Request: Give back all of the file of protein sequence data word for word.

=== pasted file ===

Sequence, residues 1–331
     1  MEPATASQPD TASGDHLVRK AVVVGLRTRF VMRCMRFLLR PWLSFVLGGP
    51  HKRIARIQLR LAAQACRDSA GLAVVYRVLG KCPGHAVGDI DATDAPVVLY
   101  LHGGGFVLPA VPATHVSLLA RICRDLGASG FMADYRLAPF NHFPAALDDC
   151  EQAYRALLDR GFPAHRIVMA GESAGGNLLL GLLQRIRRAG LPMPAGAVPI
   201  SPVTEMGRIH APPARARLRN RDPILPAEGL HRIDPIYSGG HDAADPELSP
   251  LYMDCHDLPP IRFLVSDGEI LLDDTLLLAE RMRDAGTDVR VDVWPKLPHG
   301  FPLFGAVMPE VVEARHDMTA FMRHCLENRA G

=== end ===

Sequence, residues 1–331
     1  MEPATASQPD TASGDHLVRK AVVVGLRTRF VMRCMRFLLR PWLSFVLGGP
    51  HKRIARIQLR LAAQACRDSA GLAVVYRVLG KCPGHAVGDI DATDAPVVLY
   101  LHGGGFVLPA VPATHVSLLA RICRDLGASG FMADYRLAPF NHFPAALDDC
   151  EQAYRALLDR GFPAHRIVMA GESAGGNLLL GLLQRIRRAG LPMPAGAVPI
   201  SPVTEMGRIH APPARARLRN RDPILPAEGL HRIDPIYSGG HDAADPELSP
   251  LYMDCHDLPP IRFLVSDGEI LLDDTLLLAE RMRDAGTDVR VDVWPKLPHG
   301  FPLFGAVMPE VVEARHDMTA FMRHCLENRA G